The report found there was no agreed risk assessment procedure
between the health authority and social services.

Source:- Daily Telegraph Thursday 1 November page 3

Prison Service shuts down Christian wings

A network of Christian-based prison units is to be closed
despite apparently showing marked success in the rehabilitation of

The Prison Service has decided to shut the so-called Kainos
wings at four jails – the Verne in Portland, Dorset,
Highpoint in Suffolk and Swaleside on the Isle of Sheppey,

The decision coincides with the first report from Anne Owers as
chief inspector of prison, who says that too little is being done
to aid the resettlement of offenders.

She said prisoners often left prison ill equipped to function in
the community.

The closure of the Christian wings have baffled supporters
because they claim to address the failings identified by Owers.

Source:- Daily Telegraph Thursday 1 November page

Anger as Afghan refugees told to take language

Asylum seekers who claim to be fleeing Afghanistan will face
language tests as they arrive in Britain.

The move was criticised by the Refugee Council, which warned
that Afghans who had lived in Pakistan previously may have
developed a Pakistani accent, and could be wrongly refused

As part of the crackdown on bogus claims, the government will
introduce the tests to asylum seekers from Afghanistan, Somalia and
Sri Lanka.

The home office said there was “evidence that some applicants
are falsely posing as nationals from countries with high grant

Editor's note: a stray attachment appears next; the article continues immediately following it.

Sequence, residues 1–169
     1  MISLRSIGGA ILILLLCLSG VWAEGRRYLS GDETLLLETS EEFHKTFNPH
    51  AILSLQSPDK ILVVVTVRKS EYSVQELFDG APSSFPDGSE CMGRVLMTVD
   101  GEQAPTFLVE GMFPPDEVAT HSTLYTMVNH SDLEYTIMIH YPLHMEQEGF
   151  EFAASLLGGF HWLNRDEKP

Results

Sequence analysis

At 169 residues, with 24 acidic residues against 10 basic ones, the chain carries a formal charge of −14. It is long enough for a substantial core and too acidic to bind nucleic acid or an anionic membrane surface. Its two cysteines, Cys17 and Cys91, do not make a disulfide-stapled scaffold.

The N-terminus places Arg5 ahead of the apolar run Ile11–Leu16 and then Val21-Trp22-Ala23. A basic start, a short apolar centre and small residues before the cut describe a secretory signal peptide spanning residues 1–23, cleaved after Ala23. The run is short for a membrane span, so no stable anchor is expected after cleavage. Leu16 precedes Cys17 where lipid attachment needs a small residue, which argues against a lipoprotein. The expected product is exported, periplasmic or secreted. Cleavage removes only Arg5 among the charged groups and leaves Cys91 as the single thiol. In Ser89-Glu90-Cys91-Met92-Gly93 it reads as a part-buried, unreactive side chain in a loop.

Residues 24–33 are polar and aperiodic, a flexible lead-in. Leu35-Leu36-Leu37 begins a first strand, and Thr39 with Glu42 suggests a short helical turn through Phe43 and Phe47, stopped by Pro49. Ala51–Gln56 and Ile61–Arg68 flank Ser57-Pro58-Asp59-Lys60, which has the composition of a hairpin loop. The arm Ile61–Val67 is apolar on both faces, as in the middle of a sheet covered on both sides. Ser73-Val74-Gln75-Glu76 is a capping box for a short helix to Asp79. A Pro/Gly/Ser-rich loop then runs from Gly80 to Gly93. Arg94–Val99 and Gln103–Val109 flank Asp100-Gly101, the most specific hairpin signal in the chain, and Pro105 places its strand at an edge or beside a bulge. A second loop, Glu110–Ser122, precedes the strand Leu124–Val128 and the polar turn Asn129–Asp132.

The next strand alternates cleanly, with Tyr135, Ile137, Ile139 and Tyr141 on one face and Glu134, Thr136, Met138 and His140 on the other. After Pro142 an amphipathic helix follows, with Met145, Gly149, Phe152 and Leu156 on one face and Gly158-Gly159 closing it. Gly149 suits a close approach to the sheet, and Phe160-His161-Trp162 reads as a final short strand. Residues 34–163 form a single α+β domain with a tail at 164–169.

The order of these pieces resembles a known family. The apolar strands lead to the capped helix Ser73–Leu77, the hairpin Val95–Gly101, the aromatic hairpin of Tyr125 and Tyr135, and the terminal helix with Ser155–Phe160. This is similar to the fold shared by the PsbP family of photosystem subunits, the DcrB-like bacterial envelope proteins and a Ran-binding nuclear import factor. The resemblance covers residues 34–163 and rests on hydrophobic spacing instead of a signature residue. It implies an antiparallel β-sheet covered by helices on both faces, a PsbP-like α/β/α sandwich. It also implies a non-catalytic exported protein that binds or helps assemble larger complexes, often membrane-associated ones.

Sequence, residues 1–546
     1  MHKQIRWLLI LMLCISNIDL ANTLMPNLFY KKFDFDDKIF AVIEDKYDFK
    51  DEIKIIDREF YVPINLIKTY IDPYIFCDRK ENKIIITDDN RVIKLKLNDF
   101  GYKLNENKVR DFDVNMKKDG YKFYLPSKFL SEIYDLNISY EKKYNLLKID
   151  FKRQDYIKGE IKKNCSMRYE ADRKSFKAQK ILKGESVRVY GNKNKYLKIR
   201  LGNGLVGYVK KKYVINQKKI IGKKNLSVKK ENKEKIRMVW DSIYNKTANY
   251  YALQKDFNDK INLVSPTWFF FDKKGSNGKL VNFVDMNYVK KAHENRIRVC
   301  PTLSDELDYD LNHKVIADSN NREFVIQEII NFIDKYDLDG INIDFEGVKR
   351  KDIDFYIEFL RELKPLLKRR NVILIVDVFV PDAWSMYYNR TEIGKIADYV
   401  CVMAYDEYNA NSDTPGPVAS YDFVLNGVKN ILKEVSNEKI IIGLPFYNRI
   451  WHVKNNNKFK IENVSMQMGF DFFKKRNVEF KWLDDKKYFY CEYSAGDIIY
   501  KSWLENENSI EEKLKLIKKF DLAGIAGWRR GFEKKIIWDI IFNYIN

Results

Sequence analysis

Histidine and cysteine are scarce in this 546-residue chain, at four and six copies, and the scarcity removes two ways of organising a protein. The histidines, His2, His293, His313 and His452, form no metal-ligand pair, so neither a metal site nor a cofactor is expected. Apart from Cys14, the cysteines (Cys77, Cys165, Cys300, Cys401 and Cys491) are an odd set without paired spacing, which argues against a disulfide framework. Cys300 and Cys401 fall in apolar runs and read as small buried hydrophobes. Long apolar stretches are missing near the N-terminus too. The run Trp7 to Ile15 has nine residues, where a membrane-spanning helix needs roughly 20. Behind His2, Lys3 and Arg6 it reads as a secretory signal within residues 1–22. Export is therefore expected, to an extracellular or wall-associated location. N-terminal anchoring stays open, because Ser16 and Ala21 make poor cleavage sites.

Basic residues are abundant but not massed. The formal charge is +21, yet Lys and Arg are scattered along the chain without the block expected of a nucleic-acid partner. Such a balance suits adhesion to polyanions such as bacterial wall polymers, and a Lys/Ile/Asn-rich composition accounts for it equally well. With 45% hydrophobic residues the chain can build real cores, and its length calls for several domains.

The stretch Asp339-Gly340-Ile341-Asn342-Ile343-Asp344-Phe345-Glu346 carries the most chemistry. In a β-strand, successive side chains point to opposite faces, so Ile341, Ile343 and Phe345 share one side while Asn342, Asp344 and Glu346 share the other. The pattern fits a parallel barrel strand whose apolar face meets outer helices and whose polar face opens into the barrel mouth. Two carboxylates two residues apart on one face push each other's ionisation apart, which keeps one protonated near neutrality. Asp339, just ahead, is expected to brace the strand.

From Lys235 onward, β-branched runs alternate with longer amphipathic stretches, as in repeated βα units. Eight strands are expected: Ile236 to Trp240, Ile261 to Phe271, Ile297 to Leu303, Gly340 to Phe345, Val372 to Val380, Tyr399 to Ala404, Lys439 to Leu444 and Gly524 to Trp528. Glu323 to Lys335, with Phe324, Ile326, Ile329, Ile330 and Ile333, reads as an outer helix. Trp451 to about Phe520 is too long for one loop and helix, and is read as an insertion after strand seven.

rates of asylum”.

Source:- The Independent Thursday 1 November
page 4

Scottish newspapers

Asylum seekers’ smart card equates to “yellow

A furious row broke out in the Scottish parliament yesterday
when Kenny Gibson, the SNP’s shadow social justice minister,
likened the home secretary’s proposals to issue smart cards
to asylum seekers as “the modern equivalent” of yellow stars forced
on Jews by Hitler’s regime.

The smart cards are to replace the voucher payments system and
have been criticised by campaign groups. Scottish executive
ministers repeatedly demanded that the comment be withdrawn, but
Gibson refused.

Source:- The Herald Thursday 1 November page 12

NHS trust faces debt rise to £98

Alistair Stewart, chief executive of Lothian University
Hospitals Trust, publicly admitted yesterday that he could not rule
out further job losses as the trust faced debts of £98

Stewart was speaking at the official handover of the new
£184 million, privately built Edinburgh Royal Infirmary. Of
the current overspend, £16 million is due to extra work, and
supplies not agreed in the original contract.

Stewart claimed that the new hospital was not the cause of the
trust’s predicament and already 200 jobs have gone to clear
an earlier £5.3 million deficit. A taskforce has been
established to devise a strategy to deal with the debt.

Source:- The Herald Thursday 1 November page 4

Will the drugs courts work?

A page-length feature on the imminent establishment of drugs
courts in Scotland looking at the question of how effective they
will be. A summary of the treatments and counselling available to
the courts and the preparation of the sheriffs who will preside
over all the hearings.

Source:- The Herald Thursday 1 November page 17

Disabled boy to sue school on bullying

A 15-year old boy is suing North Lanarkshire Council claiming
they failed to protect him from systematic bullying at his

The boy, who has asked not to be named, claims, he has been off
school for two years after class bullies stubbed cigarettes out on
his skin.

The boy suffers from short-term memory problems and dyspraxia
which affects his co-ordination. Legal experts estimate that he
could receive damages of up to £30,000 if successful.

North Lanarkshire Council refused to comment on an individual
case during legal action.

Source:- The Scotsman Thursday 1 November page 5